vec3 rgbReflection = rgbSourceReflection ;
    rgbReflection *= fMetalness ;
    rgbReflection = min(rgbReflection, rgbSourceReflection) ; // conservation of energy

    vec3 rgbSpecular = vec3(0.0) ;

    if (fLightIntensity > 0.0)
    {
        rgbSpecular = vec3(1.0) ;
        rgbSpecular *= microFacetContribution ;
        rgbSpecular = min(vec3(1.0), rgbSpecular) ; // conservation of energy
    }
    rgbFragment += rgbSpecular ;

    rgbFragment *= fLightIntensity ;
    rgbFragment += rgbReflection;

    gl_FragColor.rgb = rgbFragment ;
    gl_FragColor.a = 1.0 ; // TODO : Worry about materials which allow transparency!
}

pbr-shader-4a
That’s a lot of new code there – what just happened?

The important changes are the functions to emulate roughness – being computeGGXDistribution and computeGGXPartialGeometryTerm. Describing these in detail is best done by the references, you can treat them as ‘black boxes’ which just work.
Their effect is then combined and used to alter the illumination intensity, and this is ultimately what roughens up the light contribution.

I also add in the ‘concept’ of specular highlights. In my terms, it’s not specular as you may know it, it’s more a nod towards it, and you may choose to leave it out entirely. Note, I’ve used pure white (vec3(1.0)) for expedience, you should pass this in via a property. (I may get shot down for this, but for me, without this specular contribution, the PBR system looked very flat and non-realistic. YMMV.)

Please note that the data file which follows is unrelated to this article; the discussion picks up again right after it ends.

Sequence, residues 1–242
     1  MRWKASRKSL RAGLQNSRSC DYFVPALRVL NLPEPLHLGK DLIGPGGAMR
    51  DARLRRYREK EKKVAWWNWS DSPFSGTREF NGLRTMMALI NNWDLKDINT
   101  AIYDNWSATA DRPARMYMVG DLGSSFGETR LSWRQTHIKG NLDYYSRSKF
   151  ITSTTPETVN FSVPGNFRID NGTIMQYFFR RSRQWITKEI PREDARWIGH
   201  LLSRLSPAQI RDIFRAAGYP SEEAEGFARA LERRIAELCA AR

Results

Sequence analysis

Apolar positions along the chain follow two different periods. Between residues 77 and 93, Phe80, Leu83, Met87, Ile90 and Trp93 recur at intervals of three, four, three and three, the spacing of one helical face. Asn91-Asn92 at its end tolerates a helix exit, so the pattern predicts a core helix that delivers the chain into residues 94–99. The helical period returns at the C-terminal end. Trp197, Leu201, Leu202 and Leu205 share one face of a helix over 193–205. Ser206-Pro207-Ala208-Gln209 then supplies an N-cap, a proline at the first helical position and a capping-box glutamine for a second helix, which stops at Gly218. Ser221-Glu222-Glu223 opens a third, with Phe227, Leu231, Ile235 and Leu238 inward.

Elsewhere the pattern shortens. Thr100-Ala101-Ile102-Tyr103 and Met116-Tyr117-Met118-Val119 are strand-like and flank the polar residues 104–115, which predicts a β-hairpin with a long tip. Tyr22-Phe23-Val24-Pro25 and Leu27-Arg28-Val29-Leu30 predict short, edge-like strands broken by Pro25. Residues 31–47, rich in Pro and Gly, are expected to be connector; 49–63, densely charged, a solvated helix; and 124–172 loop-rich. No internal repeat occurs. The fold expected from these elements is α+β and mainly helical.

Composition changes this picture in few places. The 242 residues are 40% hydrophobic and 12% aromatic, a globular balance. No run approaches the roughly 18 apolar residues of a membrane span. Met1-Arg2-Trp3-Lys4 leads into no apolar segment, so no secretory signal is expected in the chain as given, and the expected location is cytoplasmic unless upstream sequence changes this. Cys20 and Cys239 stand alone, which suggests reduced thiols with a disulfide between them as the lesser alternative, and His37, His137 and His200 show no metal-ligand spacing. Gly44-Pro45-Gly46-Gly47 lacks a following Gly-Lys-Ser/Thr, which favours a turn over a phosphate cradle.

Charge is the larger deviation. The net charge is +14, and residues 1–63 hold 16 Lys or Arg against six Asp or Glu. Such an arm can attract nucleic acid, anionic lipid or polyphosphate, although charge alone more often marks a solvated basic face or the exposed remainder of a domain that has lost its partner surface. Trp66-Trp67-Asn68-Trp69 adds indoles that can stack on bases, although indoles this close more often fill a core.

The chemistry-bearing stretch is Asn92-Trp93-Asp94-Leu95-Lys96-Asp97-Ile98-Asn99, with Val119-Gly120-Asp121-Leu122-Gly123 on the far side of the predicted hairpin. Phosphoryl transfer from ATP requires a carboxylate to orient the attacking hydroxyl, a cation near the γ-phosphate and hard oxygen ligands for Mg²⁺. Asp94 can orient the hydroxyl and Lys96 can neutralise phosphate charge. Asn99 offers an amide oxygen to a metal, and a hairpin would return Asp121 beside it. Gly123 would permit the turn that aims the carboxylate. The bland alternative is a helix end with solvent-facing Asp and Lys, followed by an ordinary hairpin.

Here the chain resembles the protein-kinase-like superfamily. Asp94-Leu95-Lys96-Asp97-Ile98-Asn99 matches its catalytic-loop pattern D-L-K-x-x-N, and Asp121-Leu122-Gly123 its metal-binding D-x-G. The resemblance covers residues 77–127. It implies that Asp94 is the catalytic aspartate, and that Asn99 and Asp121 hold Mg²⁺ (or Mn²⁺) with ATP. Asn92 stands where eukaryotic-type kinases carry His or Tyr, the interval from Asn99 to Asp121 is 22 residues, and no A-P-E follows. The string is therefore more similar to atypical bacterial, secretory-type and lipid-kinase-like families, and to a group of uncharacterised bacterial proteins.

If you skip back to the first ‘Illumination’ image and compare it with the ‘Bare Effect’ shown here, you can see the light fall-off has changed dramatically due to the rough surface implementation. The incoming light is now being spread around a bit more by the micro-facets.

Dealing with the reflection map is another matter. This emulates a highly complex light environment, and applying the above to all this much light is going to cripple the shader, as we’d need to calculate the above for all possible reflected incoming light at a given point. (That said, it can be simulated with finite sampling methods, but that’s another article!)

How to solve this? Well, we turn to the Cube Map itself, and pre-bake the effect by manipulating its mipmaps. This is where AMD’s CubeMapGen comes in. We take our source cube map textures, and then apply certain filtering to each mipmap level which produces a ‘rougher’ version of the cube map itself. In this example, I have used ‘Cosine’ filering. We then load these mipmaps manually instead of relying on generated mipmap techniques. We could rely on the standard mipmap generation instead, but trust me it won’t look as good.